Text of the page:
On a stormy night in October 2009, Mary Schapiro , the newly appointed head of the U.S. Securities and Exchange Commission, returned to her alma mater, Franklin & Marshall College in Lancaster, Pennsylvania, to be inducted into the hall of fame for student athletes. Receiving her award, she grasped the podium, confessed she was near tears and spoke of how she had never even seen a lacrosse game before attending college.
It had been two days since U.S. lawmakers negotiated all night to finish rules that would reshape the business of Wall Street. The 20-hour session left legislators, aides, lobbyists and regulators exhausted. Almost no one had a grip on all the details.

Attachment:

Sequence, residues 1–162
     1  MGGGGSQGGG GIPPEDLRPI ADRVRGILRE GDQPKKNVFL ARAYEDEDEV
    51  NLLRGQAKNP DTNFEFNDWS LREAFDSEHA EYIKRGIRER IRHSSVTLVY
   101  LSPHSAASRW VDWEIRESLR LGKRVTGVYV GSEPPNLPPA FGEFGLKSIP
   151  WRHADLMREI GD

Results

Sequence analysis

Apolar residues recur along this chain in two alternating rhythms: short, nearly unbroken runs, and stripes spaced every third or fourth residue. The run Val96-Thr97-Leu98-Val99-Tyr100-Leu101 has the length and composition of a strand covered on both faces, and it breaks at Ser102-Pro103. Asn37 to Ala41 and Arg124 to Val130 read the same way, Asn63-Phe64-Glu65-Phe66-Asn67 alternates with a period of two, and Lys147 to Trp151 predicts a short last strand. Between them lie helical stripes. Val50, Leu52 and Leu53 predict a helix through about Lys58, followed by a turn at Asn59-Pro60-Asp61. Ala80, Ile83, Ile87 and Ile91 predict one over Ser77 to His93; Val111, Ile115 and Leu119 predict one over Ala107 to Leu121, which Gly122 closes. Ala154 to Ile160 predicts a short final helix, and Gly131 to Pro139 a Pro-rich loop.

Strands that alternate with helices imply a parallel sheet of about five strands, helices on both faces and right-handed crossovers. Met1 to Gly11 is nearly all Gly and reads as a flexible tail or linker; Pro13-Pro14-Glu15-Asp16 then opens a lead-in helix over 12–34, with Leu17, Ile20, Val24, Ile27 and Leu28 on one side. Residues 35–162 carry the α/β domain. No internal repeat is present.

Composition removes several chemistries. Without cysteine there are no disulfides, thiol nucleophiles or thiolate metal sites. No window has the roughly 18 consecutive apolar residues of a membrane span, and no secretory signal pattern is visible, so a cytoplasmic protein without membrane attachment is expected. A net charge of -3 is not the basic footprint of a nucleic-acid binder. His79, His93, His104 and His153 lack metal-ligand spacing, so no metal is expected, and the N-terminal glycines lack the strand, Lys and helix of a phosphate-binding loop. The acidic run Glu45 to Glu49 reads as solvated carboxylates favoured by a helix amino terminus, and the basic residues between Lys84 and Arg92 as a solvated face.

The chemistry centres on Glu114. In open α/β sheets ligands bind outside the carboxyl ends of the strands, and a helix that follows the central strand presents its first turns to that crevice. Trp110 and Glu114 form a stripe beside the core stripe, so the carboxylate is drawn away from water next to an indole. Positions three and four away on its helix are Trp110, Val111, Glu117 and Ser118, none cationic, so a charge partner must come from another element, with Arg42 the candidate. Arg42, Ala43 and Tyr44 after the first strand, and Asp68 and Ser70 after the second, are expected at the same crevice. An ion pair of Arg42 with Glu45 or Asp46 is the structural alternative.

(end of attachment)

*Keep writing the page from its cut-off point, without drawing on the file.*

The municipal bond market, once a quiet corner of Wall Street, is slowly becoming a scene of scandal and regulatory inquest. The Securities and Exchange Commission recently accused New Jersey of giving fraudulent information about its finances to municipal bond investors. The SEC is investigating officials in Miami for similar problems.
As Manhattan’s top federal prosecutor during the 1990s, Mary Jo White could have sought the corporate equivalent of the death penalty: indicting Prudential Securities Inc. for fraudulently marketing $8 billion in ruinous energy partnerships to small investors.
Last month, a Senate investigative panel put a spotlight on how the accounting firm Ernst & Young LLP helped Hewlett-Packard Co. use gimmicks and loopholes to avoid taxes on billions of dollars of profits stashed overseas.